• Agree to impossible demands
  • Sit there and do nothing


Communication, leadership, complexity and interdependent development are rarely factored into estimates. Just because it’s difficult to estimate these, its not an excuse for not trying.

The inside view leads us to overestimate our abilities and underestimate the work. Read more Why IT projects estimates are wrong

High-level requirements create high level solutions and these expand in complexity when the lower level requirements are added. Low level requirements can break initial solutions and lead to the project running behind schedule. The common response to this problem is to add more people to a project, this can slow the project down whilst costing more money.

I will leave you with this Fred Brook’s quote

How does a project get to be a year late? One day at a time. Fred Brooks

Related blogs

Dev Genius

Coding, Tutorials, News, UX, UI and much more related to development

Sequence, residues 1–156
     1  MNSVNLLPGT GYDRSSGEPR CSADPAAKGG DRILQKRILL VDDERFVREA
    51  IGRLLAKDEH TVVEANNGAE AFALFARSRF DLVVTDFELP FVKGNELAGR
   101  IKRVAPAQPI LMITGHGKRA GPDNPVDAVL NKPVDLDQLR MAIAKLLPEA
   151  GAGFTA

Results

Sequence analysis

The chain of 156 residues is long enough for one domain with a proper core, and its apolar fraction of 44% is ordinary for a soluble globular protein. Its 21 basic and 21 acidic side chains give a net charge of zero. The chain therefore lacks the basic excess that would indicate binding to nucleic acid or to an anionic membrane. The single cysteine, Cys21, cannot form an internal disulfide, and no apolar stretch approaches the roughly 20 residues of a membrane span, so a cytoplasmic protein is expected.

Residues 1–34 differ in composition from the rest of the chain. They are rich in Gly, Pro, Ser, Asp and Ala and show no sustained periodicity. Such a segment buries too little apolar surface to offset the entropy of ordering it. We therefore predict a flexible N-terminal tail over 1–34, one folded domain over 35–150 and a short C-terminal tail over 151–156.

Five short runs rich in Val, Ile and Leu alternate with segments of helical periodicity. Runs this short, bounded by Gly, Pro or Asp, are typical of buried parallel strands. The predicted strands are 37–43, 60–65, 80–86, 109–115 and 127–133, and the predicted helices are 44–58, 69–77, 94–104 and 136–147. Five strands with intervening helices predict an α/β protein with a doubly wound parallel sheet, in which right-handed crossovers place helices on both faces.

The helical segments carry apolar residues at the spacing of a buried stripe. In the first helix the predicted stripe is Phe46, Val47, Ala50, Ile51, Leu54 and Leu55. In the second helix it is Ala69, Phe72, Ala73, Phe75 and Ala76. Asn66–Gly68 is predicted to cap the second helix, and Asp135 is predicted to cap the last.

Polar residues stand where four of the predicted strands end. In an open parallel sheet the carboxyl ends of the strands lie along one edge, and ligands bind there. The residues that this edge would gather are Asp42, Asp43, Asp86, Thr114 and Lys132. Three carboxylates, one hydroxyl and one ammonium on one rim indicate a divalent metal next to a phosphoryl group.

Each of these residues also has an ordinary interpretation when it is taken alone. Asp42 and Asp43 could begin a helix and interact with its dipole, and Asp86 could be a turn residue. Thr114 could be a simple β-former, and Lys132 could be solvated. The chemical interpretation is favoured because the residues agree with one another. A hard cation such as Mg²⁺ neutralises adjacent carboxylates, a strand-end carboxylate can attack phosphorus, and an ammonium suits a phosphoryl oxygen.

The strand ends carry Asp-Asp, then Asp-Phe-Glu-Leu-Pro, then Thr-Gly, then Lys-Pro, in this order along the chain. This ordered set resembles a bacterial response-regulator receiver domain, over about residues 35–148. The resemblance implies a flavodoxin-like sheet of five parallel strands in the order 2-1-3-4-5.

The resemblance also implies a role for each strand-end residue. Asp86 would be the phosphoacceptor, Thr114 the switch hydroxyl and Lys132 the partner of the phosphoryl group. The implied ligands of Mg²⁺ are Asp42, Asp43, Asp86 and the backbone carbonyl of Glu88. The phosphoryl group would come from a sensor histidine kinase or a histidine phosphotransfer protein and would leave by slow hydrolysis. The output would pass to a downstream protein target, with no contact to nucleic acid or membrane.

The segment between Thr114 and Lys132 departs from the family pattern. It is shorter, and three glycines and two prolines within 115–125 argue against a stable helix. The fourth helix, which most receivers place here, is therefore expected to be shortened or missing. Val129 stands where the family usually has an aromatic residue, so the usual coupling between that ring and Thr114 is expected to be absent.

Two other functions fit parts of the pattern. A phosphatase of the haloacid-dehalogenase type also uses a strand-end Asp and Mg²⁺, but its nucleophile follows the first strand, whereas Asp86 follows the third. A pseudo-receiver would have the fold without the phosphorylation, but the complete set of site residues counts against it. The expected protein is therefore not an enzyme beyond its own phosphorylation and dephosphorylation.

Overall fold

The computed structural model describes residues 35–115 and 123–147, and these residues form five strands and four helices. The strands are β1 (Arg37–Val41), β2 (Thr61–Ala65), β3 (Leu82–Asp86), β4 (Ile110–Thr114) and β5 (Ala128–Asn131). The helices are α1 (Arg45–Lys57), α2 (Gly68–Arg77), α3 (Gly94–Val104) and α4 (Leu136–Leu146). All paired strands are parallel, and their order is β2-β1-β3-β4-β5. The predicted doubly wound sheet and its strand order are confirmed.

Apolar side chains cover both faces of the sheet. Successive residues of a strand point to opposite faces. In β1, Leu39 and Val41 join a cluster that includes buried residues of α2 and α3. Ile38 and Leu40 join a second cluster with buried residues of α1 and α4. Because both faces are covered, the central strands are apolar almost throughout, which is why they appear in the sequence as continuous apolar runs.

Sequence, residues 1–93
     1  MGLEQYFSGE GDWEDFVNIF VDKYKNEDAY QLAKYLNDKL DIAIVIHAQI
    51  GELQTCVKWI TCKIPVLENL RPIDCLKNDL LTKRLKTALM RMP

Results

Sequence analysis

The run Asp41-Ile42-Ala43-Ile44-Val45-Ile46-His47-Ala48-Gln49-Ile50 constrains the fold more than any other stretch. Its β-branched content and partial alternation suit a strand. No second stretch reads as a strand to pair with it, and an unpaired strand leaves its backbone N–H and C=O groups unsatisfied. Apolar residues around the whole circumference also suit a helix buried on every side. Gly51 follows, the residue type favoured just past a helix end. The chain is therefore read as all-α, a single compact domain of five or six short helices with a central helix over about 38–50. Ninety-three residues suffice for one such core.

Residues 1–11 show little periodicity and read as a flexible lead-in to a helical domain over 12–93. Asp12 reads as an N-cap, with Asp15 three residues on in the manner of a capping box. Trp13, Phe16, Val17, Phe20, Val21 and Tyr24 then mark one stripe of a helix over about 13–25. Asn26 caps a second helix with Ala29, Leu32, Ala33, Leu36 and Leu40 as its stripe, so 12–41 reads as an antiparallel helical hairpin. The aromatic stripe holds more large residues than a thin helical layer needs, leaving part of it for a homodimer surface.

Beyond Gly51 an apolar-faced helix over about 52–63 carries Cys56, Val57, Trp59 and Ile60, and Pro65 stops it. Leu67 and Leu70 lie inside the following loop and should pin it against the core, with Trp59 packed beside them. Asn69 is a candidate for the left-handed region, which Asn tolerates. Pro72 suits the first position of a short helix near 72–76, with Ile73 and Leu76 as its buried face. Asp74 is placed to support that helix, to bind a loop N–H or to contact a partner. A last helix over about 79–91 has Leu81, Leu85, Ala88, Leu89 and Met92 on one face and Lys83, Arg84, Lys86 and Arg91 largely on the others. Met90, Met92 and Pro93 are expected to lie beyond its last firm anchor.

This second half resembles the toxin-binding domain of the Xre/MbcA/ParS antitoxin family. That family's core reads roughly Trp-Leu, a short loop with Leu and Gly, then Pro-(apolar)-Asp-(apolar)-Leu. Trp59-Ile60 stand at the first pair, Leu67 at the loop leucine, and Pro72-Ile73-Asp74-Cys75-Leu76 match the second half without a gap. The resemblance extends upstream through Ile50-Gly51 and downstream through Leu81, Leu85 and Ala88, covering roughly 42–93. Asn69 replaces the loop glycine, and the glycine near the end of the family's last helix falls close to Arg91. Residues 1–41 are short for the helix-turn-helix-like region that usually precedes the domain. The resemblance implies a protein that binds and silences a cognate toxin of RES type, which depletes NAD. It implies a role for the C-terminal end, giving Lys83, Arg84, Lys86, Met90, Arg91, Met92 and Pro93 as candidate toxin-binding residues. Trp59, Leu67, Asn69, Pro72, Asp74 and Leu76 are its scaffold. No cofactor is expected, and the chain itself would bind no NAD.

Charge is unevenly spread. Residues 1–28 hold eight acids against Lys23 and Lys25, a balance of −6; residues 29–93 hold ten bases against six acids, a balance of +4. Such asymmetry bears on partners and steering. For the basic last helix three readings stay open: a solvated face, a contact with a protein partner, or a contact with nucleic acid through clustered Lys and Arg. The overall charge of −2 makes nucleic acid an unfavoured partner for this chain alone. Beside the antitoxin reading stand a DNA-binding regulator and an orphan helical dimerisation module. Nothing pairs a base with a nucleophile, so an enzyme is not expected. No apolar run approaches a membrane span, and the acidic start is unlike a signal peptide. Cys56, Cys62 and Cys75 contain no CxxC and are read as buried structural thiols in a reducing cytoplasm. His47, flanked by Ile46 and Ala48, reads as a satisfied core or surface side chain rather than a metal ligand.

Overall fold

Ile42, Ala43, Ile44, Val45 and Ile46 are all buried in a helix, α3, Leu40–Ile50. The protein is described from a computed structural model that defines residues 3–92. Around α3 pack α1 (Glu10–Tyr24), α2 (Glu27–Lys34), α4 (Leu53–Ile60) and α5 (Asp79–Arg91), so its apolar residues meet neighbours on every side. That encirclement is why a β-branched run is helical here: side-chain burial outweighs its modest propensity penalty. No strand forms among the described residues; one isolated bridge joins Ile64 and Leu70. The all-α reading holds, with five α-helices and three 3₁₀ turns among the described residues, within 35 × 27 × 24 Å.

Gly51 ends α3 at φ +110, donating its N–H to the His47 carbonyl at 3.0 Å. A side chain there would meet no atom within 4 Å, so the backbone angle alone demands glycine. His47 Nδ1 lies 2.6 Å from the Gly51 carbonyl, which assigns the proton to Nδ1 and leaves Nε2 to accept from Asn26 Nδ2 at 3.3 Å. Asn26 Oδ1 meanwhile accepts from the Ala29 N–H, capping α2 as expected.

Sign up for Best Stories

By Dev Genius

The best stories sent monthly to your email. Take a look

By signing up, you will create a Medium account if you don’t already have one. Review our Privacy Policy for more information about our privacy practices.

Check your inbox
Medium sent you an email at to complete your subscription.

Ben Hosking

Written by

Dev Genius

Coding, Tutorials, News, UX, UI and much more related to development

Ben Hosking

Written by

Dev Genius

Coding, Tutorials, News, UX, UI and much more related to development

Medium is an open platform where 170 million readers come to find insightful and dynamic thinking. Here, expert and undiscovered voices alike dive into the heart of any topic and bring new ideas to the surface. Learn more

Follow the writers, publications, and topics that matter to you, and you’ll see them on your homepage and in your inbox. Explore

If you have a story to tell, knowledge to share, or a perspective to offer — welcome home. It’s easy and free to post your thinking on any topic. Write on Medium

Get the Medium app

A button that says 'Download on the App Store', and if clicked it will lead you to the iOS App store
A button that says 'Get it on, Google Play', and if clicked it will lead you to the Google Play store